Conference PaperPDF Available
Proceedings of CAD’19, Singapore, June 24-26, 2019, 363-366
© 2019 CAD Solutions, LLC,
Application of VR and AR Tools for Technical Drawing Education
Omar Huerta,, University of Huddersfield, UK
Ertu Unver,, University of Huddersfield, UK
Ridvan Aslan,, Uludag University, Turkey
Abdil Kus,, Uludag University, Turkey
Dimo Chotrov,, Sofia Technical University, Bulgaria
Virtual Reality, Augmented Reality, Technical Drawings, Teaching and Learning.
DOI: 10.14733/cadconfP.2019.363-366
There are concerns from Higher Education (HE) institutions and industry about the decline in
standards of Technical Drawings (TD) due to the lack of understanding of basic principles and
conventions that underpin the best practices. There is growing evidence that simulations/animations
along with augmented and virtual reality (AR/VR) technologies can improve learners’ engagement,
competence, and skills; especially when compared to traditional didactic methods. The purpose of this
work is to develop and examine the overall effect as well as the impact of virtual and augmented
reality -based methods and tools on the teaching and learning experience of technical drawing
principles in the context of higher education settings. The development of tools and methods is based
on the findings of a previous international study in three different categories covering the perception
of TD education, assessing of TD knowledge and ability, and expectations of TD education.
TD has a been always an essential component in the formation of new product designers and
engineers. They play an important role in communicating the technical product specifications (TPS)
(i.e. material, size, shape, tolerances, etc.) for manufacturing during the new product development
process. The decline in standards due to the lack of understanding of basic principles and the
conventions of drafting skills that underpin these practices represent a challenge for HE institutions
and the traditional teaching strategies. Despite engineering and product design students are known to
prefer visual, sensing, inductive, and active learning styles; most engineering education and in
particular the teaching of technical drawing skills has relied on auditory, abstract, deductive, passive,
and sequential teaching styles [1].
The introduction and broadening of 3D tools as a key teaching component in the design process
has significantly change the teaching of TD related subjects as a result. However, HE institutions are
still left with the challenge of developing new T&L tools and methods to make sure students acquire
the knowledge and skills on TD required to meet the demands of both academia and industry [3-4].
AR/VR technologies have already found potential applications in areas of education where
students are facing some learning challenges. These applications have incorporated for example
desktop-based virtual reality technologies to stimulate learning, to teach abstract concepts, to teach
scientific inquiry and engineering subjects [2]. AR/VR offers to HE institutions an efficient way to
present complex and difficult theories/concepts to design and engineering students. Students can
comprehend complex theories and concepts with the contextually enriched interaction offered by AR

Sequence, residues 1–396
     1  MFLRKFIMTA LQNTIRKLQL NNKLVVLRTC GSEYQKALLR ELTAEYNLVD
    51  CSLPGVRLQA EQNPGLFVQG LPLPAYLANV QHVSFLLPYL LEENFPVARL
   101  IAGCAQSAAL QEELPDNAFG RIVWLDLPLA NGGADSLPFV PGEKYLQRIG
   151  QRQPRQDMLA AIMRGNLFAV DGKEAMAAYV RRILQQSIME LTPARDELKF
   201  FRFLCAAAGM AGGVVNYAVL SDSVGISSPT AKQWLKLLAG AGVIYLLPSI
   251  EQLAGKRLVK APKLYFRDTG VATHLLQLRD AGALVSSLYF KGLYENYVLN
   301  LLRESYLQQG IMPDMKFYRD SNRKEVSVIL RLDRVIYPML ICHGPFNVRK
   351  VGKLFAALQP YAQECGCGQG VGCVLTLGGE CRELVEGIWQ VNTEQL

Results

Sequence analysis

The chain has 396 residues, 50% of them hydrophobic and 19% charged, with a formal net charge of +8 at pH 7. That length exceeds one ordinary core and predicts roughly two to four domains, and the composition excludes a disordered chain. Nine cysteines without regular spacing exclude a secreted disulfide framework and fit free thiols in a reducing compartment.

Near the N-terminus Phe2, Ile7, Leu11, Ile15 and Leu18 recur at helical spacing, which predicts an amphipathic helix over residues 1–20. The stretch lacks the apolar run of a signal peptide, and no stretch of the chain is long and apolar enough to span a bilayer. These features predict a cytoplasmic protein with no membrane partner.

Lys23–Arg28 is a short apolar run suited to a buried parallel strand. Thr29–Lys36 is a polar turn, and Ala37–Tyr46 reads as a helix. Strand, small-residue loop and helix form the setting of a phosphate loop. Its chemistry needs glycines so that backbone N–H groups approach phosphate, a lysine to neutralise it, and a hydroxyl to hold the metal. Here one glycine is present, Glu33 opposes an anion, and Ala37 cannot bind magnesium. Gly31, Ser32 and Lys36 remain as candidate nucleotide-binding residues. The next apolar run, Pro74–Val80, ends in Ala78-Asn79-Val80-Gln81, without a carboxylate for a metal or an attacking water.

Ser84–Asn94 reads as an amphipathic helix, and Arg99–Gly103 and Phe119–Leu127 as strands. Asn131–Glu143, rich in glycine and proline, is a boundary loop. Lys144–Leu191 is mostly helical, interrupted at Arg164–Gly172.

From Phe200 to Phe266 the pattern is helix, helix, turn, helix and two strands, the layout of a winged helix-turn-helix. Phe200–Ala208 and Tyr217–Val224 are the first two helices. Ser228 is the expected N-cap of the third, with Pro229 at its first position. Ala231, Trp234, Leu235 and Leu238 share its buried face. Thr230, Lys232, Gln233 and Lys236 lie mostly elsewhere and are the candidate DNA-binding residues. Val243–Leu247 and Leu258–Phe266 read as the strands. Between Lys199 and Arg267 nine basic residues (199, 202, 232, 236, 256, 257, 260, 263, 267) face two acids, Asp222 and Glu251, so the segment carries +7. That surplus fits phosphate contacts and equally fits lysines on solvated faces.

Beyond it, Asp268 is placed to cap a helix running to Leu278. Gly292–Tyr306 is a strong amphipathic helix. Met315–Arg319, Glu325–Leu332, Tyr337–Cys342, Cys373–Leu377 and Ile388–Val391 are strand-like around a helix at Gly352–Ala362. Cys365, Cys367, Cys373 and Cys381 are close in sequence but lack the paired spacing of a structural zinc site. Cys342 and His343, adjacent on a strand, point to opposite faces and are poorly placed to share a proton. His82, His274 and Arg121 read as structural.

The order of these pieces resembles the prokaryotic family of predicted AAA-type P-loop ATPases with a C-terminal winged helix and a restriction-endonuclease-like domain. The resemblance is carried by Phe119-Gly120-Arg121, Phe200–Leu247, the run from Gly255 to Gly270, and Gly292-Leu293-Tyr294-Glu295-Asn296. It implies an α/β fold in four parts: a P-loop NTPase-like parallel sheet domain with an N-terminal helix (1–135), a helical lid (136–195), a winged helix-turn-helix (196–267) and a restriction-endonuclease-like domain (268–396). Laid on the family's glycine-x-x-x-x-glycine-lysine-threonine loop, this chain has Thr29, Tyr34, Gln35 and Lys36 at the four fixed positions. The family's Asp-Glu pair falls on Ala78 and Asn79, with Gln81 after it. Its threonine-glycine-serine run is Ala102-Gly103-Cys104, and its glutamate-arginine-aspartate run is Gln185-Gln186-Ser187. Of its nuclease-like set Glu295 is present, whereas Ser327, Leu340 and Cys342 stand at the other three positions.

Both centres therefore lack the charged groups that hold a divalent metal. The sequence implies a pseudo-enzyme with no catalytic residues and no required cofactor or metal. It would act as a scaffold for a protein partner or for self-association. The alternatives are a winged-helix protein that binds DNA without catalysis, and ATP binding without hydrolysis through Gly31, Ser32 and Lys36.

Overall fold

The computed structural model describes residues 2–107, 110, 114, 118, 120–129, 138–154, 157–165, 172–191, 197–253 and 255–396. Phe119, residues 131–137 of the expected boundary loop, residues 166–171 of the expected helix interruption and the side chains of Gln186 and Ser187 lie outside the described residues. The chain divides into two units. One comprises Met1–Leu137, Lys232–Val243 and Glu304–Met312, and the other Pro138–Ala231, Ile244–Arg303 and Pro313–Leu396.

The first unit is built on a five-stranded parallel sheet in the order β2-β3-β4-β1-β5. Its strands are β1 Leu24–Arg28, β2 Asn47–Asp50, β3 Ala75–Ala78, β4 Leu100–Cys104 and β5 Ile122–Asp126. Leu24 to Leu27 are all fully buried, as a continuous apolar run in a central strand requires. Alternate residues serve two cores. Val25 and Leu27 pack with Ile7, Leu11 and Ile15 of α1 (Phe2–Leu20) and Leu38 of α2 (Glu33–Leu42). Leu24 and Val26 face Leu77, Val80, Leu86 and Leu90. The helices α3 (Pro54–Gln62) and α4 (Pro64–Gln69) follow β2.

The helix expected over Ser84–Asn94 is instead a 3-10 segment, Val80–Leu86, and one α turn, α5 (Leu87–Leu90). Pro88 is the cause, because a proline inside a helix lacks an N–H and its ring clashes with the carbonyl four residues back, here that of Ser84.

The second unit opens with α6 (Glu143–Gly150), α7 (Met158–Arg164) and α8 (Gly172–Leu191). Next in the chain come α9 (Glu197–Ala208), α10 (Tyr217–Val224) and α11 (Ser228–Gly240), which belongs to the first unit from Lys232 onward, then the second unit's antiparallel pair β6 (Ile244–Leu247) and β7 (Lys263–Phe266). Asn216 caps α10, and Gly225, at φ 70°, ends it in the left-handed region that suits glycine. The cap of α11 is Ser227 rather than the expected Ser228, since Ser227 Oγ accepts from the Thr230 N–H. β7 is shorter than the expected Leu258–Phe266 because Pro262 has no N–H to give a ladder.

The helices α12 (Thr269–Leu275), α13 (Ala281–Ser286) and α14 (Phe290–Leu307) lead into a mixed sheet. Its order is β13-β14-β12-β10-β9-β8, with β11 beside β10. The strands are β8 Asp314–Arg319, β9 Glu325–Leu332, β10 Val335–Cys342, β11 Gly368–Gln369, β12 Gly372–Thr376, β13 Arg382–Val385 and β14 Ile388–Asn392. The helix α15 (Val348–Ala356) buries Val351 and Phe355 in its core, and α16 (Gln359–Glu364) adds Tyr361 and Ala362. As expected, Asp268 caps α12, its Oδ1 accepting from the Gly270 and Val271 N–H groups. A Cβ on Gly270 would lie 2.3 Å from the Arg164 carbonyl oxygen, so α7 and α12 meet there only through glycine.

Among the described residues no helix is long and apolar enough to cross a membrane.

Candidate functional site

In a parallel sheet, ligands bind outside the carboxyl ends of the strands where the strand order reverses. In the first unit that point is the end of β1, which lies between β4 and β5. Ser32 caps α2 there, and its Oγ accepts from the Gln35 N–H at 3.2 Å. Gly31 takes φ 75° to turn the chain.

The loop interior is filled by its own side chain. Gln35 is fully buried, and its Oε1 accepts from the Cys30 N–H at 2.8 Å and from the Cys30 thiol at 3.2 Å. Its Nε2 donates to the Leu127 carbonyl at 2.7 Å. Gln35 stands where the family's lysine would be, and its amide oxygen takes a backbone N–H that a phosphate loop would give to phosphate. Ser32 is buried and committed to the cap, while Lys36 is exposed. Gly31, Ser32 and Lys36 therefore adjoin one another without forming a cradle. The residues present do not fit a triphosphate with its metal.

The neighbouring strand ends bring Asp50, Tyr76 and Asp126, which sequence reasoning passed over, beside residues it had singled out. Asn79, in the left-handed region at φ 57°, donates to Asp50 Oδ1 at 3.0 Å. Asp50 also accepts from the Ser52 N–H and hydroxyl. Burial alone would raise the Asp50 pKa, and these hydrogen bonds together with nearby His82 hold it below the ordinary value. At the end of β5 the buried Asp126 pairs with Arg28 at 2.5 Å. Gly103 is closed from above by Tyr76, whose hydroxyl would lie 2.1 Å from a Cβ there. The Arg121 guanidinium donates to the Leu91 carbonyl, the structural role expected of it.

technology. For example, animations have shown to provide more enthusiasm for the learning activity,
Proceedings of CAD’19, Singapore, June 24-26, 2019, 363-366
© 2019 CAD Solutions, LLC,
better performance in understanding the appearances and features of objects and improve the spatial
visualization capabilities [5].
In this paper, the authors present development of 3D interactive AR/VR teaching system from a
design-based method to help engineering and product design students improve on critical and
complex topics related to TD skills according to an international survey and as part of a broader
European funded research project. This work shows that human-centered approaches can improve the
understanding of students needs and facilitate the development of AR/VR technology applications for
T&L within an international and multidisciplinary team.
Development of AR/VR Tools and Animations:
This paper addresses the use of low-cost mobile based AR/VR tools developed with the support of
animation and simulation tools alongside text-based teaching methods. Having several approaches to
teaching would give students a variety of options when learning technical contents. Individual
students may require different support as the concentration and abilities of the students may change
due to personal circumstances, environment, age, among other factors. In the initial stage of this
study, a comprehensive research to identify the area of TDs that require support from AR/VR
technologies in order to overcome T&L issues is carried out. 320 people from UK, Bulgaria and Turkey,
with different educational background (engineering/design, student, instructor/lecturer,
manufacturing sector employee, vocational college/ high school / university student, and
teacher/trainer), participated in a survey. This is used to identify their TD perception, knowledge and
skill levels and expectation of TD education. The research show that current teaching methods can be
further supported by AR/VR and animation technologies to improve engagement and T&L of relatively
complex subject. The program identified six aspects of technical drawings which were separated into
modules to improve the learning experience. From the analysis, the following module areas were
selected for developing AR/VR content and animations:
Dimensioning and Tolerances
Sectioning, Projections and Perspective Drawings
Dimensional Tolerances, Edge Tolerances, Shaft and Hole Tolerances
Geometric Tolerance/Form-Position Tolerances
Surface Treatment Markings/Surface Roughness
Production and Assembly Drawings
The team decided to use a Formula Student Race Car as the centerpiece of the project (Figure 1).
This car is developed by the engineering students at the Technical University of Sofia which has been
designed (i.e. CAD) and physically manufactured. This car model gave a wide range of different
components to be used within AR/VR and animation. Context/environment for each part was assigned
in AR/VR and animations to help the student understand the component and to give a more real-world
Several software packages were used to achieve the required output including the Adobe suite
(Photoshop, Illustrator, and InDesign) to create the storyboards, and graphics. For 3D content
generation, SolidWorks was used to model the car, which was then imported into 3D Studio Max to
start the animation process. The model was converted to polygonal data (low for AR/VR and high for